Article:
Bitcoin exchange Coinbase has announced it will support both competing blockchains following the proposed SegWit2x hard fork that is scheduled for November.
Coinbase made the announcement in a blog post written by Dan Romero, the company’s vice president of operations.
“We operate by the principle that our customers should benefit to the greatest extent possible from hard forks or other unexpected events,” Romero writes. “This is essential in our mission to make Coinbase the most trusted, safe, and easy-to-use digital currency exchange.”
Romero stated that Coinbase will provide customers with access to coins on both blockchains, although they may restrict access following the fork until both blockchains are stable and secure. “We are currently working on the engineering and security requirements for each bitcoin blockchain ,” the post continues.
Although not directly referenced, the post comes just one day after Bitcoin.org threatened to publicly denounce companies that support SegWit2x and do not publicly commit to meet certain demands. In particular, companies must agree to only use the term “Bitcoin” and ticker symbol “BTC” to refer to the original blockchain and may not do anything to “deprive users of their bitcoins”.
The Coinbase announcement appears to meet the second condition since it promises that customers will have “access to bitcoin on both blockchains” following the fork. However, Romero says they will not release a detailed plan for how they will name the two blockchains until closer to to the scheduled date for the fork.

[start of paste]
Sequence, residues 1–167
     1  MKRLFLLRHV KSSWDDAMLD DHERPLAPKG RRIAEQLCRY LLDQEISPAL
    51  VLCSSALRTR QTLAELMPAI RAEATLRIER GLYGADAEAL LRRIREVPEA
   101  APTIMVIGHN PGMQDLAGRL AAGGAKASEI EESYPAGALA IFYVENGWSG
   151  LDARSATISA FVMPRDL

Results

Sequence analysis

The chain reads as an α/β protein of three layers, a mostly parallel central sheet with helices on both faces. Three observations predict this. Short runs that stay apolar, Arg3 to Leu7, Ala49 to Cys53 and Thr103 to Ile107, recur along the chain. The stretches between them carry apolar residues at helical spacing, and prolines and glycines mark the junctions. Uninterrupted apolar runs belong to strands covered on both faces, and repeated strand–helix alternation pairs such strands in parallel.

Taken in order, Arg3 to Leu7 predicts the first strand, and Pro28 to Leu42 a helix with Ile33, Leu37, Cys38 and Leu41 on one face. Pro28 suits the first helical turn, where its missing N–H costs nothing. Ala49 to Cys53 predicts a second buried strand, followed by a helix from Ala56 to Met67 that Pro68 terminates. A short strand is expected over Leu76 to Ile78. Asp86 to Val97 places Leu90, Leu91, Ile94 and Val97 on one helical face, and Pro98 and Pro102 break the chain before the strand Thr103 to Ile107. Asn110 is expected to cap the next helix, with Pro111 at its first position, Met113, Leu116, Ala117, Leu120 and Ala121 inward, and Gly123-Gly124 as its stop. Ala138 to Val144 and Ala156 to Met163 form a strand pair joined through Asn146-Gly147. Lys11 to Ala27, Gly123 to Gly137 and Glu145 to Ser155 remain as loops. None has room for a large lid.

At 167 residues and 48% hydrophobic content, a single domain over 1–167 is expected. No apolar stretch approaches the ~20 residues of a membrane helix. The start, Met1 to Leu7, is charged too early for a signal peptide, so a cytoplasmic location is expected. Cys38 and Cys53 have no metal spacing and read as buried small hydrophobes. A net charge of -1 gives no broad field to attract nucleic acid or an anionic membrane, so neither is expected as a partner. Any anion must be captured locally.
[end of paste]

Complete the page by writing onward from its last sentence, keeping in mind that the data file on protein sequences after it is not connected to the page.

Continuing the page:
However, the announcement does not appear to have appeased SegWit2x opponents. Cobra-Bitcoin, one of the current domain owners of Bitcoin.org, wrote on Github that the statement “isn’t really helpful” and that Coinbase must “immediately clarify that they will continue to call the current Bitcoin blockchain ‘Bitcoin’ with the ticker symbol ‘BTC’.” This would seem to imply that the announcement is not sufficient to remove Coinbase from the list of companies Bitcoin.org will publicly denounce.
Blockstream CSO Samson Mow — another vociferous critic of SegWit2x — suggested on Twitter that Coinbase’s position may violate the terms of the “BitLicense,” the financial services license bitcoin firms must receive to operate within New York state. Specifically, he pointed to language that prohibits licensees from altering a product or service in such a way that it is rendered “materially different” from its status when the license was approved or raises potential safety concerns and operational concerns.
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